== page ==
The most common Korean surnames, according to International Business Times, are Lee, Park and Kim. These names account for the surnames of more than half of the Korean peninsula's 75 million inhabitants. Other Korean family names include Jeong, Yoon, Shin, Choi and Kang.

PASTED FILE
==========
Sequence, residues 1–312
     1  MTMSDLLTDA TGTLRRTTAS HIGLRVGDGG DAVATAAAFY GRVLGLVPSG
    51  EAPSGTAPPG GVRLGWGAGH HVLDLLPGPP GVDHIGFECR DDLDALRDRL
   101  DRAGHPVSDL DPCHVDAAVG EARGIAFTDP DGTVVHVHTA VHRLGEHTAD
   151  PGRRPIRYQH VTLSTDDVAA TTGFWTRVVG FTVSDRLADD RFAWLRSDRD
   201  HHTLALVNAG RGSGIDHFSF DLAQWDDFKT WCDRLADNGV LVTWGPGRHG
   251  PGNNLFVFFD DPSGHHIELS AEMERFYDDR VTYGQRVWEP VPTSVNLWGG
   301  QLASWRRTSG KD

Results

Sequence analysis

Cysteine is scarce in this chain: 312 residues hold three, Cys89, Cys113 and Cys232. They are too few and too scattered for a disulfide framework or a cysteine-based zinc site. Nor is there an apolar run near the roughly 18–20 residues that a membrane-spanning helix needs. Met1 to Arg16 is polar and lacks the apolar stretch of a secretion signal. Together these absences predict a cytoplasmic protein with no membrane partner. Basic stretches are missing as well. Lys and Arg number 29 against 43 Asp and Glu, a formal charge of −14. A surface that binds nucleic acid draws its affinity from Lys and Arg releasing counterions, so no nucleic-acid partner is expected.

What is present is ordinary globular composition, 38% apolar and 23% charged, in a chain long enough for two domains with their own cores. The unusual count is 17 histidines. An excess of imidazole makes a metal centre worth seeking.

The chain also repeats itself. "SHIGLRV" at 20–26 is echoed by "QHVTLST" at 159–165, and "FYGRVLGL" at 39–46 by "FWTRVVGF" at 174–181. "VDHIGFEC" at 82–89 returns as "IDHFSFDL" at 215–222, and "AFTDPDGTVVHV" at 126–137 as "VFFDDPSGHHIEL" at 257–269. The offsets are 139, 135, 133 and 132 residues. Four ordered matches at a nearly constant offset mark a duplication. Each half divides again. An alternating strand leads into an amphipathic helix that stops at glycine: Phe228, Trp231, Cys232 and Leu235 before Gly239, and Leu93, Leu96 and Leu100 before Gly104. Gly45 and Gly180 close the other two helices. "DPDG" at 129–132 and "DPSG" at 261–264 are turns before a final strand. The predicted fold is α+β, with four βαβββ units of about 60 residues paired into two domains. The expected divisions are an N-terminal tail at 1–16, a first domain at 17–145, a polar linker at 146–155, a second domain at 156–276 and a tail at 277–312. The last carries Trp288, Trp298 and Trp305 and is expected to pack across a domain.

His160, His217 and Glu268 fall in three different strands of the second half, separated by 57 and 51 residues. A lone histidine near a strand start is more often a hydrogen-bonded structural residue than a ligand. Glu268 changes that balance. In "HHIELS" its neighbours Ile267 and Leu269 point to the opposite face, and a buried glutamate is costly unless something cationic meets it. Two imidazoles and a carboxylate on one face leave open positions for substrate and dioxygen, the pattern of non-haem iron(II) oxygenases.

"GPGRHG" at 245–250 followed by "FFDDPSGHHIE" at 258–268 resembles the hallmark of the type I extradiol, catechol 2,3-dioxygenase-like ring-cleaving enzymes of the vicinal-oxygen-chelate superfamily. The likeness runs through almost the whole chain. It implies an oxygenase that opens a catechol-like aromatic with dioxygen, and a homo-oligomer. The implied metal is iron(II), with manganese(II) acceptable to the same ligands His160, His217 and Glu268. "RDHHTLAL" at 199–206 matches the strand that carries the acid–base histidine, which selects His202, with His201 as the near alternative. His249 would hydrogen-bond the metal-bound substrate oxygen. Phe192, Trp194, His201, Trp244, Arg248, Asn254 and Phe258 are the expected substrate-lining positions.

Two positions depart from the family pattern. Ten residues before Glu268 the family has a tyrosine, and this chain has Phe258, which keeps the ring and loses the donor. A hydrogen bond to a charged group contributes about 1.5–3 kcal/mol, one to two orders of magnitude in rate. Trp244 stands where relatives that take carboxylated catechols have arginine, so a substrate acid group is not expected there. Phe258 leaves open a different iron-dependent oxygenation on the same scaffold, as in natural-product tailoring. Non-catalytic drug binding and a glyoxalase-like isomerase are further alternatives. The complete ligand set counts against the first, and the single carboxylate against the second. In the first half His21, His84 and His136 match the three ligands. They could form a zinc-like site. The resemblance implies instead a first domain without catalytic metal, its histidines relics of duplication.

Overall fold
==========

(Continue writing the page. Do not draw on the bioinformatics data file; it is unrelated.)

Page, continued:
The lack of a variety of names is a result of Korea's subjugation to first Chinese and then later Japanese rule. The Korean people were oppressed by both governments and, for centuries, were less educated than their Chinese and Japanese counterparts. Only members of nobility could afford the time and tutelage to learn the extensive set of Chinese characters. Once they did, they began taking on surnames using Chinese characters. Only when the Korean language, which was intended to be simple enough for uneducated farmers to learn, was invented by King Sejong did the Korean people begin to become more educated and take on last names. When they did so, they copied the actions of their own nobility and adopted the last names of royalty so that they could claim the then superior Chinese lineage. Lee, Park and Kim were common names of Chinese royalty. Of the 250 Korean surnames in circulation, it is estimated that more than half of them are of Chinese origin. This doesn't necessarily mean, however, that a Korean family has Chinese heritage.